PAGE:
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Professor Philippe Guérin, Director of the Infectious Diseases Data Observatory and WorldWide Antimalarial Network, has been awarded the Bailey K. Ashford Medal for his 'distinguished' work in tropical medicine.

The American Society for Tropical Medicine and Hygiene President Daniel G. Bausch presented the medal at a ceremony at the Hyatt Regency Chicago, on the opening day of the 72nd annual meeting of the society.

Professor Guérin, is the Director and Professor of Epidemiology and GlobalHealth at the Infectious Diseases Data Observatory, hosted by the Centre for Tropical Medicine and Global Health at NDM. He was nominated for the award by Dr Abib Abera, of Addis Ababa University, Ethiopia, to mark his 25-year career in the field of tropical medicine where he has led research in clinical trials and epidemiology to improve outcomes for some of the world’s most vulnerable populations.

He began his career as a physician working in France and Nepal, before joining Médecins Sans Frontières where he worked in the field in many countries in Africa and Asia. He later moved into research and held a number of posts with the Wellcome Trust Oxford Research Unit in Thailand, the Department of Infectious Disease Epidemiology at the Norwegian Institute of Public Health, and Épicentre in Paris - a World Health Organization Collaborating Centre for Research in epidemiology and response to emerging diseases.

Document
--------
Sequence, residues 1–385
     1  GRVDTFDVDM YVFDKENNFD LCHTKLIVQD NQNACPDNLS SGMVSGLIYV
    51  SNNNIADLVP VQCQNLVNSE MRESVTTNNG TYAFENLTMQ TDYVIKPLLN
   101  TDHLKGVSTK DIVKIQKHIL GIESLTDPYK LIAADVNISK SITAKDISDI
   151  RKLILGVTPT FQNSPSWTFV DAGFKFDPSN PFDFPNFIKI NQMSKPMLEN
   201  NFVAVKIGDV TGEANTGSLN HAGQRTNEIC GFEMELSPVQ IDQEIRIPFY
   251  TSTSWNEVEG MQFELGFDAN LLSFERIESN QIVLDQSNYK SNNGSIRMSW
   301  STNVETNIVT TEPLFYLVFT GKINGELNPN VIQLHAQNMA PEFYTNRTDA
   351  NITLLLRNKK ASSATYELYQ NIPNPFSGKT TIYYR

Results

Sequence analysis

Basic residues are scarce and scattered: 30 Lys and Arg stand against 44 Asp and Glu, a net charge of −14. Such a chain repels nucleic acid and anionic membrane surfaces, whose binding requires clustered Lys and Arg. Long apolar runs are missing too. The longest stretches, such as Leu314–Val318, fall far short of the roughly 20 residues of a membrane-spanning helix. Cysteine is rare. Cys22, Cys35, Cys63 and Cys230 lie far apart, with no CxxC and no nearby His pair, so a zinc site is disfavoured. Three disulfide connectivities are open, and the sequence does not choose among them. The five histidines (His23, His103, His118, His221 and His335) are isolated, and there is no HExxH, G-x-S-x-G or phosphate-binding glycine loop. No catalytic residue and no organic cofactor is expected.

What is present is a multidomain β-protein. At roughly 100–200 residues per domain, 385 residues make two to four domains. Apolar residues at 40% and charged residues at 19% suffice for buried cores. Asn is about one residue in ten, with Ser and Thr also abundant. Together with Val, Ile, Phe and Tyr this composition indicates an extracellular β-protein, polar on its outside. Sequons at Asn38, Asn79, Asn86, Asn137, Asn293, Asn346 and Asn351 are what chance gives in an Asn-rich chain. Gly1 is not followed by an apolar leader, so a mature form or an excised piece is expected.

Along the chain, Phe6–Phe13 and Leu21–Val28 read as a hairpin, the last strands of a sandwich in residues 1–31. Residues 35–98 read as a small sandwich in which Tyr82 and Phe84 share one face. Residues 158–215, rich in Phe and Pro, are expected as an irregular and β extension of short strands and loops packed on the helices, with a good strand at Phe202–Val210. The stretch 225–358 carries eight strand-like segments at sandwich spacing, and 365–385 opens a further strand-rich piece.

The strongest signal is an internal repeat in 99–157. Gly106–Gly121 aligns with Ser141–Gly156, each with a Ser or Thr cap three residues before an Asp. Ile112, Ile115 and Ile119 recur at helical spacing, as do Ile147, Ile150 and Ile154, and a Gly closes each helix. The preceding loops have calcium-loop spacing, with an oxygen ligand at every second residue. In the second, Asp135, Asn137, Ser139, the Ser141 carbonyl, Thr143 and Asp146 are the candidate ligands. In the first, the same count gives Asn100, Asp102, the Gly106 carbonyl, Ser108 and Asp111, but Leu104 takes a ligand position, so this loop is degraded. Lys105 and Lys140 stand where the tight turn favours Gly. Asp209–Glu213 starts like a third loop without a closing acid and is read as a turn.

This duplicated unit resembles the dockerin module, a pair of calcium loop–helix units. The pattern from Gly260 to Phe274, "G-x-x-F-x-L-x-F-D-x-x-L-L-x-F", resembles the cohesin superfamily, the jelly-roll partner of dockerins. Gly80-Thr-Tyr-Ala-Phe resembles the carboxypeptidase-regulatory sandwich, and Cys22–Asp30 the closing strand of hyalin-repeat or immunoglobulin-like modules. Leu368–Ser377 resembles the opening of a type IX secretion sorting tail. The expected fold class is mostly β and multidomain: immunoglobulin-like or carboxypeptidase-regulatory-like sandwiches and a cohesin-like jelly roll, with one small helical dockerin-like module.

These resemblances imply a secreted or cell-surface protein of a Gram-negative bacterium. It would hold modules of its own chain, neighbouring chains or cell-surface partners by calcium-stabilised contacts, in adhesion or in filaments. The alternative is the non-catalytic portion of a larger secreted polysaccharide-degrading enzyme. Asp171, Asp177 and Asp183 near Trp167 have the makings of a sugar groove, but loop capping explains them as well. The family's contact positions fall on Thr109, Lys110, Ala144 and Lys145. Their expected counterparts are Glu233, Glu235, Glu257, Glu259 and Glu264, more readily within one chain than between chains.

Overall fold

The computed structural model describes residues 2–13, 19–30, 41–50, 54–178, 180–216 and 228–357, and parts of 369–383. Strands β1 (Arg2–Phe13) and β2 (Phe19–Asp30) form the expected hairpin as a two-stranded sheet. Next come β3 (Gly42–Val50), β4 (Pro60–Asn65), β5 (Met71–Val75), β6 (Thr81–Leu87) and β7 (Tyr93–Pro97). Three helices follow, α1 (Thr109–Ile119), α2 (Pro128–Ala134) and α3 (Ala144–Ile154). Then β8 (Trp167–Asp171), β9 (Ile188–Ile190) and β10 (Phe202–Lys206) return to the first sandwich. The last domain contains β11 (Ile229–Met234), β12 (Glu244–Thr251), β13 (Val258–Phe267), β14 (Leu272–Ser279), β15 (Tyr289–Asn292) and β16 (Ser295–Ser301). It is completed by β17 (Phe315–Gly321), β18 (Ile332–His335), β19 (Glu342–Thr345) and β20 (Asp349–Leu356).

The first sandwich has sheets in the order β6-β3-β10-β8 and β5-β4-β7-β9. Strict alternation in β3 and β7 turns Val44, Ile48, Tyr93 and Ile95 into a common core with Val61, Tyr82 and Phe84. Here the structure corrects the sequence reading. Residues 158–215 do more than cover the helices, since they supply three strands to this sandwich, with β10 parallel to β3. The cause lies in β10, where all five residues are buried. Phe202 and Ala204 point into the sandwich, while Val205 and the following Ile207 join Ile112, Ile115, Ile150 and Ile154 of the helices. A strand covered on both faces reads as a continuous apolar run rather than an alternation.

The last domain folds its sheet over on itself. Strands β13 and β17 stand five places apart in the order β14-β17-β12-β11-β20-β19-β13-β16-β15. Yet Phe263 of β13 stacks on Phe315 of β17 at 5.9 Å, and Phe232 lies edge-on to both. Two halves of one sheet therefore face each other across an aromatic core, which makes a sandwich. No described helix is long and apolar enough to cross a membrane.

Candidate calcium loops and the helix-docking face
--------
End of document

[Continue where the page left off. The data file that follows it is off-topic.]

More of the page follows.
Professor Guérin's interest lay in research and how data could be better used to further research. He has been the director of the WorldWide Antimalarial Network since its inception. WWARN is a collaborative data platform generating innovative resources and reliable evidence to inform the malaria community on the factors affecting the efficacy of antimalarial medicines. In 2016, Philippe established the Infectious Diseases Data Observatory, focusing on neglected tropical diseases and emerging infections to provide an environment for equitable sharing of data, methods and infrastructure to generate evidence that improves outcomes for patients worldwide.

The Bailey K. Ashford Medal is named in honour of Bailey K. Ashford who recognised the connection between hookworm infection and anaemia at the age of 26.

Professor Guérin, said: 'I am thrilled to be awarded this medal, which is more of a recognition of the hard work of the very many people I have worked with throughout my career.'